Your assertion here appears to have the unstated premise that the driving behavior of autonomous cars will closely mimic that of human drivers; that autonomous cars will compete and exhibit different driving behaviors (aggressive, conservative, moderate), just as human drivers do.

You might want to reconsider those premises. You might want to consider the possibility that autonomous vehicles will be programmed to cooperate to ensure smooth and uninterrupted traffic flow, rather than compete and cause turbulent flow, with fits and starts… as human drivers do.

In the scheme of things I don’t think there is very many things self driving cars can do different then humans. The self driving cars can be ruled over by a car based hive mind. But that hive mind is limited into what it can do. A example is we have section of road in our city called Interstate 95 and Interstate 295. Interstate 95 there will be thousands of cars driving bumper to bumper at high speeds 70 mils on hour. You have cars getting off and on and the drivers have no trouble doing this. While this is going on you basically have a solid river of metal flowing down the interstate. Now when the river of metal which is on a ten lane section of interstate it drops down to six lanes in only a mile. This six lane section of interstate is were you go to bumper to bumper. Due to huge volumes of cars merging in from two lane wide exits on to a three lane wide road. You also have the car flow of five lanes which were bursting at on a five lane one way road trying to flow though a three lane… Read more »

They want you to believe,all cars will be in top mechanical condition. This is a pipe dream. At 90 mph,the law of physics still stands. The forward force will have to be diverted. You can not stop,3500 pounds in a second. They claim, 94% of all accidents wont happen and it may be true. But,the accidents that do happen,will be more catastrophic. The one thing they fail to mention, the initial cost. They are predicting,$3500 per car and $15 to $30 thousand per semi truck. Those costs will be absorbed by the public. Now,if you’re saving up to buy basic food,how will you afford an autonomous car? I thought,by 2000,all cars were going to be electronic and there would be no dependency on oil? Oops,that didn’t happen.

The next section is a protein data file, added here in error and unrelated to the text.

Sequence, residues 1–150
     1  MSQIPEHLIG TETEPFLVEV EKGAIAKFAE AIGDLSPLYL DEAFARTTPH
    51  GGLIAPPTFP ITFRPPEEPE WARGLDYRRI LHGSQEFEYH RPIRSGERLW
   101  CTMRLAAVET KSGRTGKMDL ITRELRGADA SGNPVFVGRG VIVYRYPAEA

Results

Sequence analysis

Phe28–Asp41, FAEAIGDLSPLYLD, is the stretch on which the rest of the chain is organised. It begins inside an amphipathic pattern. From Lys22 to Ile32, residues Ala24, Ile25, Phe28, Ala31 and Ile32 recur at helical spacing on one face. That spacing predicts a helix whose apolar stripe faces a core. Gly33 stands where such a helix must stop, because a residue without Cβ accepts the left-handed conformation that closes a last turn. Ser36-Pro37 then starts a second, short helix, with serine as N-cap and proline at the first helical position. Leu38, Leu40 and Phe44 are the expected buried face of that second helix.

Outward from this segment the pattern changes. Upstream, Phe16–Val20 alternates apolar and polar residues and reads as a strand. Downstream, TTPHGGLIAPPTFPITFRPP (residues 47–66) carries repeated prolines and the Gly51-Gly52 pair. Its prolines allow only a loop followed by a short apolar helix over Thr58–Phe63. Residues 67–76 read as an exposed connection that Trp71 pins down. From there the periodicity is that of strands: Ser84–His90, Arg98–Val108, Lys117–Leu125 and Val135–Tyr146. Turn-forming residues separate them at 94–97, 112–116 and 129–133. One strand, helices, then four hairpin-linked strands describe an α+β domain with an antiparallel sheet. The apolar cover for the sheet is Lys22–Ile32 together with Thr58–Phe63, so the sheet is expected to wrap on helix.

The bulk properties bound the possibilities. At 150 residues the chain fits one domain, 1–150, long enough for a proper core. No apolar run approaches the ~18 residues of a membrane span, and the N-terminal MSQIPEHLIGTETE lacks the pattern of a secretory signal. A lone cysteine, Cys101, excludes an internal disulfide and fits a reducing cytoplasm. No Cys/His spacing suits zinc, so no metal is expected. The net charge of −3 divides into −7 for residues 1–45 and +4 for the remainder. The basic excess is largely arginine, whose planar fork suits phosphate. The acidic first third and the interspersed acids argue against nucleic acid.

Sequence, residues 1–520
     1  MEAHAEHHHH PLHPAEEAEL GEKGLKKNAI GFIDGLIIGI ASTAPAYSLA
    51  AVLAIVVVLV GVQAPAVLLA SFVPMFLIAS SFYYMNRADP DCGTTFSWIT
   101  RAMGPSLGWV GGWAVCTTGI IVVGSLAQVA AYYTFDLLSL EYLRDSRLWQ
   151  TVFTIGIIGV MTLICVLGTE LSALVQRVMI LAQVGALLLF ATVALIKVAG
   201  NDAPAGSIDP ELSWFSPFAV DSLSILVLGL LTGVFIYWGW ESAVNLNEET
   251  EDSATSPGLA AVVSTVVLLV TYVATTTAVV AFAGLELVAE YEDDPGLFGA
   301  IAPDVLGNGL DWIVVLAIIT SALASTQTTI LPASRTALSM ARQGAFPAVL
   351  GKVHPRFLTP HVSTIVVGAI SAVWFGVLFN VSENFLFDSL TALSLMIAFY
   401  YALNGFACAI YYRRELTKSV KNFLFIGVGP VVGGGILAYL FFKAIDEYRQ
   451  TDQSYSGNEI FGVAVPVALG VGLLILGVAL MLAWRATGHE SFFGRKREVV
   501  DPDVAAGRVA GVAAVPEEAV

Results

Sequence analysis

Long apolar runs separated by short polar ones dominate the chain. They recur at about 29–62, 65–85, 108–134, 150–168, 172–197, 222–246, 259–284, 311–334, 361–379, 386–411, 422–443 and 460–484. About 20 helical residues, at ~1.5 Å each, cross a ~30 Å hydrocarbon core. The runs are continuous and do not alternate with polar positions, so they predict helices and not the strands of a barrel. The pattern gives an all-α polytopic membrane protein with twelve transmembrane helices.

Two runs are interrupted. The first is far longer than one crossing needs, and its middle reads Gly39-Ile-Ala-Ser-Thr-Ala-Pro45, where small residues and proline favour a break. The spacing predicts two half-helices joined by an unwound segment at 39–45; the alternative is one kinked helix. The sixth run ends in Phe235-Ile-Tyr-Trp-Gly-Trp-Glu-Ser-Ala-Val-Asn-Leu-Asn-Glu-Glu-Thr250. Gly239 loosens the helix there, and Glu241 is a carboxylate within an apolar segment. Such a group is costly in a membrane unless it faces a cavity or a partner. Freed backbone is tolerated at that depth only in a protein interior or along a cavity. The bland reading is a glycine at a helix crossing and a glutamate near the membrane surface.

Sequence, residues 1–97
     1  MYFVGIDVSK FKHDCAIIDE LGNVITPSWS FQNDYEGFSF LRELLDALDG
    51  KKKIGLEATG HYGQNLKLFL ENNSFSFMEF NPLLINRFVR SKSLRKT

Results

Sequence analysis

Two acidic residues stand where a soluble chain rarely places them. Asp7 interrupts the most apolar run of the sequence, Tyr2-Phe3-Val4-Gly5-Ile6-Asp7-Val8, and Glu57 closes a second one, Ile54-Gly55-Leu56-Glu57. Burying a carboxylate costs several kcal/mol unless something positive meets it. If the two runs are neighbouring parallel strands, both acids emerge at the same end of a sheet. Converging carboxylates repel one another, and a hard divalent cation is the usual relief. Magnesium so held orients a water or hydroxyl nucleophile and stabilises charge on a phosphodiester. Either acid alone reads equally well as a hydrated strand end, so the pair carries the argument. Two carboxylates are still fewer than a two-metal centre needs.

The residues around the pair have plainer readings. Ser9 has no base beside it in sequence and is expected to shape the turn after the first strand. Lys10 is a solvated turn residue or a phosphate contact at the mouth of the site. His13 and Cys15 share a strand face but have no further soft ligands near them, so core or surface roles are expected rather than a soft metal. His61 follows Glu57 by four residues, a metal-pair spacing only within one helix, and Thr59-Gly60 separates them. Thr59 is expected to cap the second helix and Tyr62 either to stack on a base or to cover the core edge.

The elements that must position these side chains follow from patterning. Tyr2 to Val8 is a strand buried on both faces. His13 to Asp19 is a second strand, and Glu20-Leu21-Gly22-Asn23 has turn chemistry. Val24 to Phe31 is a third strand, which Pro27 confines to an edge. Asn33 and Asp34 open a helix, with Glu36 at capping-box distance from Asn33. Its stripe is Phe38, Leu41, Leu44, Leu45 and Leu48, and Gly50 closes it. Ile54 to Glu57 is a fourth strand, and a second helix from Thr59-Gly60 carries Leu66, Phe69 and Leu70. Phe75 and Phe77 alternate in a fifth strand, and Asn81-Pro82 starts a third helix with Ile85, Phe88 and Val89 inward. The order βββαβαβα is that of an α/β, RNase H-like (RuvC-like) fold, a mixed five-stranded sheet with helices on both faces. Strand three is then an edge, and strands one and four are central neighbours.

Another thing not talked about is someone who has a self driving car is going to have to pay $100 to $500 dollars a year to pay for the service to have the software updated.

So many layers here, first populations are ever increasing so the longer it take the more people there will be in need of a car…

Just comes down the psychology of car ownership…I believe to many, if you could uber/lyft everywhere AFFORDABLY we’d gladly give up our cars, but we’re not there yet…While the uber/lyft offer a carpool option it’s not as attractive as my own private ride…Will this future of self driving vehicles be my own private car? Or will it be something more along of the lines of the Tesla bus, where the majority of self-driving cars aren’t a sexy Model S/X but rather resemble a 15 passenger van? Something like that would cut down on traffic…